Karnataka

Breaking barriers with Yakshagana

Arshiya preparing for a performance.

Arshiya preparing for a performance.   | Photo Credit: Special Arrangement

A young Muslim woman overcame resistance to acquire prowess in the art form

Unlike Mohammed Ghouse, Jokatte Mohammed and Jabbar Samo, who are well-known Yakshagana artistes in coastal Karnataka, Arshiya is a relatively new entrant to the art form. But she is growing in popularity.

There are far fewer women Yakshagana artistes compared to men, and a Muslim woman exponent is rare. At one time, this traditional art form was forbidden for women.

Arshiya, in her 20s, and working in an automobile company, was fascinated by it as a child and performed her first ‘prasangas’ (episodes) when she was 10 in her village, Okkethur Mada, near Vitla in Dakshina Kannada. She is perfecting her skills at Kadali Kala Kendra in Mangaluru.

She grew up in an atmosphere where Yakshagana was all pervasive but it was a teacher of this traditional style, Jayaram, at Jaycees English Medium School in Vitla, who kindled her interest. “The role of Mahishasura in a Devi Mahatme episode which I watched during childhood mesmerised me. I got addicted to bannada vesha (villain roles),” she said.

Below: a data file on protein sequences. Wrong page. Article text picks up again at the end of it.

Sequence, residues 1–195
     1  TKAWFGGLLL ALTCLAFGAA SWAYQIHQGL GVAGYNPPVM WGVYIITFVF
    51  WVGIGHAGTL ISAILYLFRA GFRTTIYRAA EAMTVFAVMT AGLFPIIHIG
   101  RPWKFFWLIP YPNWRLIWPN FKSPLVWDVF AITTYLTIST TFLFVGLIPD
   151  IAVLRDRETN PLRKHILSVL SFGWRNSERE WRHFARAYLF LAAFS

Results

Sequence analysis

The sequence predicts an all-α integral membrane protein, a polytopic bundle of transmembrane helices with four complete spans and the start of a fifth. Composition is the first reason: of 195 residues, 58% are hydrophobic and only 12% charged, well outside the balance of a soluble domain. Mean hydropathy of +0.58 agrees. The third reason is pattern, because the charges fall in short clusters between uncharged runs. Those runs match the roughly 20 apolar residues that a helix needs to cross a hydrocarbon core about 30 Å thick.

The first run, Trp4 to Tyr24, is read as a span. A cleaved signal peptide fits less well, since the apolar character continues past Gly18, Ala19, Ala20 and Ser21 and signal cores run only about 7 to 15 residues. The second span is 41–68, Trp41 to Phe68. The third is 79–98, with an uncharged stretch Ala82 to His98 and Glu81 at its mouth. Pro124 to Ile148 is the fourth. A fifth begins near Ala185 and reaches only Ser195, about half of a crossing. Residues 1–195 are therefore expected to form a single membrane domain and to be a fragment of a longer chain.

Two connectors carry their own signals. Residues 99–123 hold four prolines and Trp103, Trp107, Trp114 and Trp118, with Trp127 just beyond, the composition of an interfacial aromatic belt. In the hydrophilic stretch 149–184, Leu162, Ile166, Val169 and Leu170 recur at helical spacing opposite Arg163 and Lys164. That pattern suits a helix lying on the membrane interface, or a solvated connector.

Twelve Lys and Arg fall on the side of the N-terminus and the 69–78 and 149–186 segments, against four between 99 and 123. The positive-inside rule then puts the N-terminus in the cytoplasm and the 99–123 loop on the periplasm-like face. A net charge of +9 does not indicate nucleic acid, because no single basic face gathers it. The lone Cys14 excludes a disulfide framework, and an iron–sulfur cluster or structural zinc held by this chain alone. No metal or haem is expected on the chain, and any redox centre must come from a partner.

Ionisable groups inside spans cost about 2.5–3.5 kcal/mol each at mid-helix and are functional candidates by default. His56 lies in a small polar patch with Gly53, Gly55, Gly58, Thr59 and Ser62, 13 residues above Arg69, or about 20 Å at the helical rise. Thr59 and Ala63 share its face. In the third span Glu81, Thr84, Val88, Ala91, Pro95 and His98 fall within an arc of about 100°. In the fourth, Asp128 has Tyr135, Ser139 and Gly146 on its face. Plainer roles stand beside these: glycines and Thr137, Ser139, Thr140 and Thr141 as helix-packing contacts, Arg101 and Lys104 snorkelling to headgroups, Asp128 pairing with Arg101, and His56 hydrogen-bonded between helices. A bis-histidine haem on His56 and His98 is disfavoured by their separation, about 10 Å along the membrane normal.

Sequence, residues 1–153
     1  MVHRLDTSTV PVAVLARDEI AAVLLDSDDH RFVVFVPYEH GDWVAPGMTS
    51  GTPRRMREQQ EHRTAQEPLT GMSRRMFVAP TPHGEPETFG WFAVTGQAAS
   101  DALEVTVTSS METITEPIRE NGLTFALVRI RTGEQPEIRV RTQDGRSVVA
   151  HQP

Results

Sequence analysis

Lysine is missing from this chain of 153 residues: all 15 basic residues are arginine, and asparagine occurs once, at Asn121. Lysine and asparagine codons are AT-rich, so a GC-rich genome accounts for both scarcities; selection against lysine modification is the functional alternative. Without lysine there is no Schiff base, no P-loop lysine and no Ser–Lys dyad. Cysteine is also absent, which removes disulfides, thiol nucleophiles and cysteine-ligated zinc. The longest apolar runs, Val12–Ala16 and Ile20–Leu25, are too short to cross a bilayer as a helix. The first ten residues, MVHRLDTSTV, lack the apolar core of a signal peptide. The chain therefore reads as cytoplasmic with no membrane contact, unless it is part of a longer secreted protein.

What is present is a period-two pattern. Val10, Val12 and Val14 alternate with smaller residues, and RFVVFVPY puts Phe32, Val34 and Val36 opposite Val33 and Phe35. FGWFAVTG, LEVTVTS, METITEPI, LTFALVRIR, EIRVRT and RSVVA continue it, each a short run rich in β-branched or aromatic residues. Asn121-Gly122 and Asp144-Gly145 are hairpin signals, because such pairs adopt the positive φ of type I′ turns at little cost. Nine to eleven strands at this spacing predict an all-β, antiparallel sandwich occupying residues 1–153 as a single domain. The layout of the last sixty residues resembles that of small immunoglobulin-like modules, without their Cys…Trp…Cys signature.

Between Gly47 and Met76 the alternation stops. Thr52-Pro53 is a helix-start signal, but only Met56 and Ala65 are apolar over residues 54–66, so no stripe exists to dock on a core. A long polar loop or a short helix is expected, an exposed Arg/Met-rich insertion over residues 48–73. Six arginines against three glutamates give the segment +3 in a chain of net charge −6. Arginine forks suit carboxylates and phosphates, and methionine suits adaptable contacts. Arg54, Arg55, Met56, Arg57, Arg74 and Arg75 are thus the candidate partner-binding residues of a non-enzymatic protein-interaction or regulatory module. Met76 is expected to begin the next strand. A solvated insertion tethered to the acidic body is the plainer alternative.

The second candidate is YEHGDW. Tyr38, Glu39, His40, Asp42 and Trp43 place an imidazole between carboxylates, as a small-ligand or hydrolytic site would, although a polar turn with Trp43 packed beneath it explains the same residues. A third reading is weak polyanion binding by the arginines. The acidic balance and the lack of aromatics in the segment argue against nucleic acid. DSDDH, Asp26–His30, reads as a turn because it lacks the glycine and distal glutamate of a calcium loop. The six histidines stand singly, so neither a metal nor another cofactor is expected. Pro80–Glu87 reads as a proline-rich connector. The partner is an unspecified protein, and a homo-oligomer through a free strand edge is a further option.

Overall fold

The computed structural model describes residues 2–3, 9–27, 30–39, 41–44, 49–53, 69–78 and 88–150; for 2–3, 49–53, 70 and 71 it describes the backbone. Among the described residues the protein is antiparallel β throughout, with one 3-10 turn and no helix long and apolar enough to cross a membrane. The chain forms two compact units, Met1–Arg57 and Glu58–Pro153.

Many characters

“The most enthralling part of Yakshagana is the pravesha (entry) of bannada vesha. I still love it and enjoy performing,” she said, recalling her portrayal of Nishambhasura, Raktha Beejasura and Mahishasura in Devi Mahatme.

Going by the stage name of Tanu Vitla, she is also learning to play the ‘chende’, a percussion instrument, under Ramesh Bhat of Kadali Kala Kendra.

Mr. Bhat said Ms. Arshiya was “in the process of learning to use complicated Yakshagana make–up”. She is also likely the first woman from the Muslim community in Yakshagana.

Entry into the field was not a cake walk. Though family members were supportive, some other members of the community were not. Overcoming such resistance and against all odds, she has performed in Mangaluru, Udupi, Karwar and Belagavi.

Her colleague in the automobile company, Prakruthi, said that Ms. Arshiya prompted her also to learn Yakshagana and she has been taking lessons for four months. Senior artiste S.N. Bhat Bayar said the country’s heritage and culture recognised no religious barriers.

Why you should pay for quality journalism - Click to know more

Recommended for you
This article is closed for comments.
Please Email the Editor

Printable version | Apr 5, 2020 4:23:04 PM | https://www.thehindu.com/news/national/karnataka/breaking-barriers-with-yakshagana/article30891127.ece

Next Story